Milana Vujkov, marketing manager at The Gate, welcomed a special Q&A of Lithuanian documentary HOW WE PLAYED THE REVOLUTION to the cinema.
What we like best at The Gate is when we are at the centre of international events! Cinema should serve as ‘the gates of perception’, and it’s a small world after all. So to our great delight we recently hosted a wonderful evening for the Day of Restoration of Lithuanian Independence on 11 March, in collaboration with the Lithuanian Embassy in London and some lovely people from those parts.
The treat in question was the remarkably insightful and moving Lithuanian documentary HOW WE PLAYED THE REVOLUTION (KAIP MES ŽAIDĖME REVOLIUCIJĄ), followed by a lively Q&A with its director, Giedrė Žickytė. The doc portrays an unlikely group of revolutionaries: a post-punk art-rock band of the mid-1980s called Antis. With their kabuki makeup, wide shoulder pads, sophisticated anti-establishment lyrics and peacock posturing, Antis managed to galvanise an entire nation to rebel. Their enigmatic frontman Algirdas Kaušpėdas formed the band in 1984 as a New Year joke for the architects’ union party in Kaunas. The word ‘antis’ means ‘duck’ in Lithuanian, but it’s also slang for a false mass-media sensation.
What a joke it was. They were brilliant, and the word spread pretty much like wildfire, all over Lithuania, and then throughout the USSR. Antis were hailed as one of the best rock bands in the entire Soviet Union, toured Europe and the USA, and even played at CBGB’s. In the meantime, their appearances on Soviet state television caused quite a bit of political upset. Antis’s antics became well documented by the KGB. Nevertheless, the tide could not be turned. Kaušpėdas quit the band, turned to politics, joined the Sąjūdis pro-independence party, and went on to unleash the perestroika. What followed came to be known as the Baltic Singing Revolution and led to the restoration of independence for Estonia, Latvia and Lithuania. Part of this was one of the most memorable events of political activism in recent times: on 23 August 1989, around two million people joined hands to form a human chain spanning more than 600km across the three Baltic states.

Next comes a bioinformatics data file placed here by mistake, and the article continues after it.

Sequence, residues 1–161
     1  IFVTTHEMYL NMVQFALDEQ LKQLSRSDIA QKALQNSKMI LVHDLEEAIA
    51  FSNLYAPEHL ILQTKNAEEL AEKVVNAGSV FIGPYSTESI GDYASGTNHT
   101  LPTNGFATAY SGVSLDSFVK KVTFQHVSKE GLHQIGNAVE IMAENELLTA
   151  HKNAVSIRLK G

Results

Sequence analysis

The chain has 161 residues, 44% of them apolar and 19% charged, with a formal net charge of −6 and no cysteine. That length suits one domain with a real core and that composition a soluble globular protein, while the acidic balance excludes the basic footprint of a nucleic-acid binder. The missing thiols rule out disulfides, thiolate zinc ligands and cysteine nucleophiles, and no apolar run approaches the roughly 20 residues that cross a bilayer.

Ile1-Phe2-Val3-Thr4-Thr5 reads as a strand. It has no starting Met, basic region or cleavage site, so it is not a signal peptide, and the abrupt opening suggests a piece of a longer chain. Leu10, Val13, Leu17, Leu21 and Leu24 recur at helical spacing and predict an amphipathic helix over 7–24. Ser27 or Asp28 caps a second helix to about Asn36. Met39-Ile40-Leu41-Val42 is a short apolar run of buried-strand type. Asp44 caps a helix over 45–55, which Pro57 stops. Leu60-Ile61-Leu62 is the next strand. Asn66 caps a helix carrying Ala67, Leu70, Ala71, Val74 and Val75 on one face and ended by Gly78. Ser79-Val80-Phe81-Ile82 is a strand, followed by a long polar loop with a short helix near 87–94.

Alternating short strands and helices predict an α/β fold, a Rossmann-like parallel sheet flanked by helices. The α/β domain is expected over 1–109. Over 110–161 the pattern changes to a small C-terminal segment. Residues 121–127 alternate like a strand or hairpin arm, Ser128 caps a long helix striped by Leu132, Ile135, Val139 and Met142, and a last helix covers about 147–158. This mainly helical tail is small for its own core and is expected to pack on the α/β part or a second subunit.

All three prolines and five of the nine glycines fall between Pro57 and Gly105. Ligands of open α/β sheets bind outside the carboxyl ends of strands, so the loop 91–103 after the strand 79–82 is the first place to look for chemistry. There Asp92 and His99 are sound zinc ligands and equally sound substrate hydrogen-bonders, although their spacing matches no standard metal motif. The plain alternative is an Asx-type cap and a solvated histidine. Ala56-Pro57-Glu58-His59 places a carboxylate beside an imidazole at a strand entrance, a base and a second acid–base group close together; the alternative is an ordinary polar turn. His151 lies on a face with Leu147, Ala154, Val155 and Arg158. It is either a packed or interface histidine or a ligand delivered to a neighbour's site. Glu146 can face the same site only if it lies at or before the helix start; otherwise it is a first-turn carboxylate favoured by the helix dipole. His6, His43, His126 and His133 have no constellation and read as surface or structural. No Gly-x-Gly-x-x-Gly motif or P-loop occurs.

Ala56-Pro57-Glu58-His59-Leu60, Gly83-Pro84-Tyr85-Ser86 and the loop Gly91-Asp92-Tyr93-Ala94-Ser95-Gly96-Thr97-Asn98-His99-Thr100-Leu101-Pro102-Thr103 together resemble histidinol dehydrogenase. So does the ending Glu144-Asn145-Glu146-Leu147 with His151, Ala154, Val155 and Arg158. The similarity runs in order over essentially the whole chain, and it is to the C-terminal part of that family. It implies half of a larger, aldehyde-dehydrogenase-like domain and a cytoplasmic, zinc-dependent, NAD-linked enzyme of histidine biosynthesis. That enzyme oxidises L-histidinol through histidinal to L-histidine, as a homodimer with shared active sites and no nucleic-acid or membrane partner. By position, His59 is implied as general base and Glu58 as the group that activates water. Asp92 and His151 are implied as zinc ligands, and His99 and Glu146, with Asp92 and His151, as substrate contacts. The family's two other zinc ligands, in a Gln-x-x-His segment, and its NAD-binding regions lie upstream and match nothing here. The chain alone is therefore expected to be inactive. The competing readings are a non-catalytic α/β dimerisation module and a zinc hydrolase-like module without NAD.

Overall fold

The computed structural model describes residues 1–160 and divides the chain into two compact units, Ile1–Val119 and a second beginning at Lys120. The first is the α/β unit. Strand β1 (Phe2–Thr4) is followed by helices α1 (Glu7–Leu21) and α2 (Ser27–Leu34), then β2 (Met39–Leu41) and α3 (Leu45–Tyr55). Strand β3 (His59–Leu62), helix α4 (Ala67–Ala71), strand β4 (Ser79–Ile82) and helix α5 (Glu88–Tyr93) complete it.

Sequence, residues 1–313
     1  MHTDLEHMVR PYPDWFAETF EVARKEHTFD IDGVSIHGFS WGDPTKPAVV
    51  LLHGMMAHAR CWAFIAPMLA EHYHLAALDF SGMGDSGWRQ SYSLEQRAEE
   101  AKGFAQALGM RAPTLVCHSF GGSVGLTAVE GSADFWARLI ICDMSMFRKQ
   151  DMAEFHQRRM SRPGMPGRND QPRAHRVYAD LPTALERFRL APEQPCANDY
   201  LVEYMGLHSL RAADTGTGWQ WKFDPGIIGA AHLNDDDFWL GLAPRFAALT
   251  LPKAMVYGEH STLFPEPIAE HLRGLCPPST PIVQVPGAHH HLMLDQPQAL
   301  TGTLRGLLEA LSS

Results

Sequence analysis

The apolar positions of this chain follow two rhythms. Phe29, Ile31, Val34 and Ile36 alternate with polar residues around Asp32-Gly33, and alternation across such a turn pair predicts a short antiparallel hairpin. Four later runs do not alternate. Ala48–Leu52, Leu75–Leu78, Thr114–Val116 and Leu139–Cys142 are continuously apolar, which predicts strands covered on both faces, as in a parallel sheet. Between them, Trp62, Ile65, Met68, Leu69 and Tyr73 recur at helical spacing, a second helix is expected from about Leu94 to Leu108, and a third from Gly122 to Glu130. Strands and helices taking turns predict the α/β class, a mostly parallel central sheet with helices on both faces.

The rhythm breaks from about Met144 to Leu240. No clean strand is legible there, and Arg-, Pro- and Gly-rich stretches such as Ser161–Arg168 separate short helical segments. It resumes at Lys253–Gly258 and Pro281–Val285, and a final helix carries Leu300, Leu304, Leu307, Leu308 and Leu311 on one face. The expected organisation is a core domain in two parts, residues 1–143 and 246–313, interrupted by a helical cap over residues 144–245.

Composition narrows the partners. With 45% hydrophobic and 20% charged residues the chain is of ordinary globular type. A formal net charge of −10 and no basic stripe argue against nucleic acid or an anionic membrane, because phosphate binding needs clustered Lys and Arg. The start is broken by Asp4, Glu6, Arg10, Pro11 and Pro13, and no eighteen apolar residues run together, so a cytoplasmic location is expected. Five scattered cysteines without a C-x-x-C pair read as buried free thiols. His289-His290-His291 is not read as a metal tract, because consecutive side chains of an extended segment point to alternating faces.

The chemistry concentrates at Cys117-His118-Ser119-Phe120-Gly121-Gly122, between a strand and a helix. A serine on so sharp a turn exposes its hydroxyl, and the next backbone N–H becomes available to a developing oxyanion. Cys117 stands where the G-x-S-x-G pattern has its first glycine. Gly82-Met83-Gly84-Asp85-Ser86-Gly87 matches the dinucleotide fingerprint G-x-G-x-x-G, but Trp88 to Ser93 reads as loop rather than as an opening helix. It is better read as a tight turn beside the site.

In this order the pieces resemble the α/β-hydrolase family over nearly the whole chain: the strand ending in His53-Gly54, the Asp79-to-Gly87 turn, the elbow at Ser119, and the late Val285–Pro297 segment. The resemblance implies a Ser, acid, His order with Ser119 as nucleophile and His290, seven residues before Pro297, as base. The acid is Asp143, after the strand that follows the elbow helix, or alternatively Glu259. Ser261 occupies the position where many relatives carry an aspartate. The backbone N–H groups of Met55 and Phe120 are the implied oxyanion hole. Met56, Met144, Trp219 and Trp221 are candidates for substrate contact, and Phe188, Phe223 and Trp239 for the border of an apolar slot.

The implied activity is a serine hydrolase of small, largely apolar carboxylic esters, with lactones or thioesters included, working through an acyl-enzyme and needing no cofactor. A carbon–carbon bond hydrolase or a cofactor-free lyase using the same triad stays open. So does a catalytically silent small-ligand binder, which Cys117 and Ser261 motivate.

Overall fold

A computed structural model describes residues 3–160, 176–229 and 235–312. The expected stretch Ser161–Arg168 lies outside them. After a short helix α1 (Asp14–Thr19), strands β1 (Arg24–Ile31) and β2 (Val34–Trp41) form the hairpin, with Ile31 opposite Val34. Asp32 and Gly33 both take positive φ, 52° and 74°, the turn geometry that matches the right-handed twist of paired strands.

Director Giedrė Žickytė spoke lovingly in the Q&A about her personal experiences of the times as a little girl in the midst of momentous events, her family links to the protagonists, and the amazing journey involved in gathering the precious footage included in the film. Most of it is actually private video footage from citizens, some of which found its way into the hands of international broadcasters, as reporting from the ground was difficult and often impossible. However, acres of tape were never screened in public, and the documentary uncovers these gems and brings them to light.
Great evening, fascinating story, packed cinema, wonderful people. We could not ask for anything more.